A “social contract, in political philosophy, is an actual or hypothetical compact, or agreement, between the ruled or between the ruled and their rulers, defining the rights and duties of each.”[1] While on the surface, this seems to apply to the bay’ah contract, as Ulrika Martensson has mentioned[2], the “social contract” is not in line with Islamic thought because the premise in the “social contract” is that man is sovereign (Rouseau), whereas in Islam the sharia is sovereign.[3] Shahrough Akhavi elaborates on this point: “Although social-contract theorists differ on a number of points, they concur that human beings choose to form associations to promote their interests. An important corollary is that tension exists between the individual’s inherent independence and freedom and the authority to which she or he must submit to achieve compliance with the goals of the contract. Occasionally, a theorist discusses God in the overall scheme of things, but the conception is deistic, so that the God who created the world does not intervene in its operation. For the rest, contractarian theories privilege …

Contracts in Islam

Wael b. Hallaq says, “In fiqh, contracts do not stand as a separate category, in the manner, say, American or French law articulates them in textbooks and treatises. Rather, Islamic conceptions of contract are implicit in juristic discussions pertaining to pecuniary and commercial transactions, among others. They are constituted by three essential elements (arkān; sing. rukn), namely: (a) the parties; (b) the form (ṣīgha) of offer and acceptance; and (c) the object, or subject-matter. (a) The contracting parties: A person qualified to enter into a contract on behalf of oneself or another must be of major age (bāligh) and have attained rushd, namely, the capacity to behave in a responsible and constructive manner (muṣliḥan), and without this capacity being subject to interdiction (ḥajr). Minors and the insane cannot enter into a contract without a guardian acting in their interest, except for discerning minors (mumayyiz) who can, inter alia, receive gifts and be the beneficiaries of a waqf. (b) Offer and acceptance (ījāb and qabūl): The majority of jurists associate offer with the owner (mālik) of the object, and acceptance with the party to whom ownership or …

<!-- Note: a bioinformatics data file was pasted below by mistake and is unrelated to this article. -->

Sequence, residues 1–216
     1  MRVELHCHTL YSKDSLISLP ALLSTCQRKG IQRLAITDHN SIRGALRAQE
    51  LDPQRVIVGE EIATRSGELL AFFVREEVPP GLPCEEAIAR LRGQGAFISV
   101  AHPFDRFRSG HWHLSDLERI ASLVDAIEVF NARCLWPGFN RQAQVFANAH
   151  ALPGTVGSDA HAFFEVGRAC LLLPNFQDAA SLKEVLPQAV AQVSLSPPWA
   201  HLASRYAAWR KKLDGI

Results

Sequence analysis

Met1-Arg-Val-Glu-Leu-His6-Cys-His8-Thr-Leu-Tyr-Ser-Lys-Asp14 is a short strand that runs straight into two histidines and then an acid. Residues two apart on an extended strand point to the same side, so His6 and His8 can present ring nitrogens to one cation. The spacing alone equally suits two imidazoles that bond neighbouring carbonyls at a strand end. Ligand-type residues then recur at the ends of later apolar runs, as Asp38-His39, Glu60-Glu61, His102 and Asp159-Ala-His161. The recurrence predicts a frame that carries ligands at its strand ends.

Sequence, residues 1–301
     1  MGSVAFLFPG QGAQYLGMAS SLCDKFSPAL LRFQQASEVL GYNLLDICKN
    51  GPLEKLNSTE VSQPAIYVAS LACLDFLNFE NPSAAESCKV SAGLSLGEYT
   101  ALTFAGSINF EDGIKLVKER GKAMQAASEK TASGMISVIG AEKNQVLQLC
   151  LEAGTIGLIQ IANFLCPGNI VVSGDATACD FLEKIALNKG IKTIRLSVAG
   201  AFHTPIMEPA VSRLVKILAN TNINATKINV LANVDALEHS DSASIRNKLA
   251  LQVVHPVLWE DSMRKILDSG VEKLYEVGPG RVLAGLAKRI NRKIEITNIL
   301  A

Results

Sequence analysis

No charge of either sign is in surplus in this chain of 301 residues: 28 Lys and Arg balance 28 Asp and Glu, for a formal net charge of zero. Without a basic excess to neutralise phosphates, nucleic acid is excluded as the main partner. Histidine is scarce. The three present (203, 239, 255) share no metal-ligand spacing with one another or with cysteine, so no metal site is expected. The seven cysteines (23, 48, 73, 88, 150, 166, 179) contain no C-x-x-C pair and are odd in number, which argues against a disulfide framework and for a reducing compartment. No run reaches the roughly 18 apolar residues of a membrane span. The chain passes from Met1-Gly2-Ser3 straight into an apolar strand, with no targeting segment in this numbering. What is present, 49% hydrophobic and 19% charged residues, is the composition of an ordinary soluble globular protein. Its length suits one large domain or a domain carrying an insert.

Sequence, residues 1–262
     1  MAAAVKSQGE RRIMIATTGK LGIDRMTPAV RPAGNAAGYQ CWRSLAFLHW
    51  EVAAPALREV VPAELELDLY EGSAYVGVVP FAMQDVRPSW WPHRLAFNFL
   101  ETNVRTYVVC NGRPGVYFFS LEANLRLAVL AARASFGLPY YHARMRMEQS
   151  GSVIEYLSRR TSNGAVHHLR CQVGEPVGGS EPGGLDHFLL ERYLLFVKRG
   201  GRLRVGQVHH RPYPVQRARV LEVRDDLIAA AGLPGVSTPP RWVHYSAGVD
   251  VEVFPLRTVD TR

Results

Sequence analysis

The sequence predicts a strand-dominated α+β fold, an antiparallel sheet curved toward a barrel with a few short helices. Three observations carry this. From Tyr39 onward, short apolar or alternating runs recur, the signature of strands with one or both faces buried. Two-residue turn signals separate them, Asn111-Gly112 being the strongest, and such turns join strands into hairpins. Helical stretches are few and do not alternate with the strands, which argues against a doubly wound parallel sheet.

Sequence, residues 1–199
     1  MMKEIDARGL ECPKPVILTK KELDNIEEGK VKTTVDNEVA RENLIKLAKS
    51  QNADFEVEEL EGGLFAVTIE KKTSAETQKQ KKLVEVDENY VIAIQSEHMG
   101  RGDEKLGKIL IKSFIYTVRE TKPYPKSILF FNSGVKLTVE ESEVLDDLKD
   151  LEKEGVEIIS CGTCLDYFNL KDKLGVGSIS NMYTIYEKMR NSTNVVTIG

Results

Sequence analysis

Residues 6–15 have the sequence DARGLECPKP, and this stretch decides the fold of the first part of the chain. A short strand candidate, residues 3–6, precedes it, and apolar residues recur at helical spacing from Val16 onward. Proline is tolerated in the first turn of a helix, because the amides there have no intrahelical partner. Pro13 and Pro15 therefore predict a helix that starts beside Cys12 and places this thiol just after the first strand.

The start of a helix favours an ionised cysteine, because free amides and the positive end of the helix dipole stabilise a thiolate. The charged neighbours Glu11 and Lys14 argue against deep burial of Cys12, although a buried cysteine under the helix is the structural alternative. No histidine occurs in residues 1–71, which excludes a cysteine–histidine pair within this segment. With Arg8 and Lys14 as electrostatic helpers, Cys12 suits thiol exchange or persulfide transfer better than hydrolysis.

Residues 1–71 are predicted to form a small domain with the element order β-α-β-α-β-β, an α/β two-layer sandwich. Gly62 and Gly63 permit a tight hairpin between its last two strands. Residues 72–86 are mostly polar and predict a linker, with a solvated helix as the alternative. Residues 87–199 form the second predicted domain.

What is the Bay’ah?

The bay’ah or pledge of allegiance, is a ruling contract which governs the relationship between Muslims and the Islamic state. For those Muslims living under the authority of the state, the bay’ah is their citizenship contract with its ruler – the Khaleefah. The bay’ah is the method of appointing the Khaleefah and legitimising his rule. It must be given with the consent of the ummah, who are free to choose whomever they wish to rule them, within the boundaries of the sharia rules. If the bay’ah and its conditions are absent, then the Khaleefah has no authority to rule and will be considered a usurper. From the time of Abu Bakr to the last Khaleefah Abdul-Majed II, the bay’ah was always present and legally convened, albeit misapplied for much of Islamic history. If we look back to Islamic history, most of the major political problems and fitan (tribulations) that occurred, can be traced back in some way or the other to the misapplication of the bay’ah. It’s the misapplication of the bay’ah that distinguishes a …